Memory of the Church

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Reading of the Word of God

Alleluia, alleluia, alleluia

I am the good shepherd,
my sheep listen to my voice,
and they become
one flock and one fold.

Alleluia, alleluia, alleluia

Hebrews 2, 5-18

It was not under angels that he put the world to come, about which we are speaking.

Someone witnesses to this somewhere with the words: What are human beings that you spare a thought for them, a child of Adam that you care for him?

For a short while you have made him less than the angels; you have crowned him with glory and honour,

put all things under his feet. For in putting all things under him he made no exceptions. At present, it is true, we are not able to see that all things are under him,

but we do see Jesus, who was for a short while made less than the angels, now crowned with glory and honour because he submitted to death; so that by God's grace his experience of death should benefit all humanity.

It was fitting that God, for whom and through whom everything exists, should, in bringing many sons to glory, make perfect through suffering the leader of their salvation.

For consecrator and consecrated are all of the same stock; that is why he is not ashamed to call them brothers

in the text: I shall proclaim your name to my brothers, praise you in full assembly; or in the text:

I shall put my hope in him; followed by Look, I and the children whom God has given me.

Since all the children share the same human nature, he too shared equally in it, so that by his death he could set aside him who held the power of death, namely the devil,

and set free all those who had been held in slavery all their lives by the fear of death.

For it was not the angels that he took to himself; he took to himself the line of Abraham.

It was essential that he should in this way be made completely like his brothers so that he could become a compassionate and trustworthy high priest for their relationship to God, able to expiate the sins of the people.

For the suffering he himself passed through while being put to the test enables him to help others when they are being put to the test.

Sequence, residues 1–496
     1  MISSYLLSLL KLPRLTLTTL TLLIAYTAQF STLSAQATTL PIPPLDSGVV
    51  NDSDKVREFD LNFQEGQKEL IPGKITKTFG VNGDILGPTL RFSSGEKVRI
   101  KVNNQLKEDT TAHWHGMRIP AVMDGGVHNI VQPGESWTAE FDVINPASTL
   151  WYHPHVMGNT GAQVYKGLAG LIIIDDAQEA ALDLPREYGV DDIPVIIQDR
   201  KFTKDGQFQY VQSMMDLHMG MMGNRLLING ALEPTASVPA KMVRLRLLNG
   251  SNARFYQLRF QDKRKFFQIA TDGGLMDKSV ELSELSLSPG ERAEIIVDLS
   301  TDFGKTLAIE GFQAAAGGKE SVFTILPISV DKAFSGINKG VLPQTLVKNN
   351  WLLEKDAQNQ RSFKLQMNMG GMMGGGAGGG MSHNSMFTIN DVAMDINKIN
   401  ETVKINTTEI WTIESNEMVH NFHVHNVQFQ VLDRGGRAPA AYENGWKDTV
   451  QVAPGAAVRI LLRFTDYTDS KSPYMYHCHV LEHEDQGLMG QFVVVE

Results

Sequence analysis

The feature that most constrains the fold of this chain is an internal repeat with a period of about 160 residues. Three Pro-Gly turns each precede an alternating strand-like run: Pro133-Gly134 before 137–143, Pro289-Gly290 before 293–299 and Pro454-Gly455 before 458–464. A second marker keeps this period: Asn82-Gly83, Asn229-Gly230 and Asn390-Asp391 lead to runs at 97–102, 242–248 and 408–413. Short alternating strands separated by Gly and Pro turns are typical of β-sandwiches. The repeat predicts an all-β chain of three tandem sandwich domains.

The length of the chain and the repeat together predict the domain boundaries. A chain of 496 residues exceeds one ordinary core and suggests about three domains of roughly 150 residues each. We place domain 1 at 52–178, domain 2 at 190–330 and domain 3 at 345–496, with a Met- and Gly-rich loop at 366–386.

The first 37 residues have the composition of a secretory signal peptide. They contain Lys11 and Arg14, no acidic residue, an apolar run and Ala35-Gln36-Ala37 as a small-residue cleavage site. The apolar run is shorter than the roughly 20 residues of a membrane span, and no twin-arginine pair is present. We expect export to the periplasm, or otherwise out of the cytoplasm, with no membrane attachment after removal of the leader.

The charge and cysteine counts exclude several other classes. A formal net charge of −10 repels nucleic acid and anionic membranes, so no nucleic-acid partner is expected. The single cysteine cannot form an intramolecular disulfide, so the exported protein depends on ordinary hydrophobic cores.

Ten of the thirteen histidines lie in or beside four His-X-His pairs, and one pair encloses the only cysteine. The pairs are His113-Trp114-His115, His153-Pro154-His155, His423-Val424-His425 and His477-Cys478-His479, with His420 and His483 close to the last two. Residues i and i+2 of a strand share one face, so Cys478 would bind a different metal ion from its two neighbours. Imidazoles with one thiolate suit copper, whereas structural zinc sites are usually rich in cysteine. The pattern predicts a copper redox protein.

Alleluia, alleluia, alleluia

I give you a new commandment,
that you love one another.

Alleluia, alleluia, alleluia

“What are human beings that you are mindful of them, or mortals, that you care for them?” The quotation from Psalm 8 is made by the author of the Letter to remind the believers of the extraordinary love of God who, in order to save men and women from the power of evil and of death, does not remain looking down from on high in the heavens, but sends his own Son so that he may care for and save them. For the Lord, all men and women are not a small thing; they are the object of his love. And it is this love without limits that impelled the Lord to send the Son to the earth in order to bring “many children to glory” (v. 10). And the Son has descended even into the greatest depths of humanity, even into the abyss into which men and women have allowed themselves to fall, to gather together all and to rescue them. Jesus has thus become the “pioneer of salvation” (v. 10) of all humans; he has become our “brother.” Although being the Son of the Most High, he was not ashamed of us, of our sin, or of our poverty. In fact, he said to the Father, “I will proclaim your name to my brothers and sisters, in the midst of the congregation I will praise you” (v. 12). For those Christians who lived under the nightmare of persecution and suffering, this announcement was a great consolation because, that which on this earth was oppressing and tormenting them, truly cemented their hearts in the certainty of future salvation. The bond of filiation directly with God and that of firm fraternity with the brothers and sisters have made Jesus the “high priest” for Christians and for the whole of humanity. It is the first time that the title of “high priest” is used for Jesus in the New Testament. This title was not conferred on him to distance him from men and women; on the contrary, He has “become” high priest through his radical brotherhood with us. In this communion that binds the Father, the Son, and the community of brothers and sisters is glimpsed the mystery of the Church intended precisely as a community who prays and who is admitted into the presence of the throne of God by his high priest, Jesus Christ.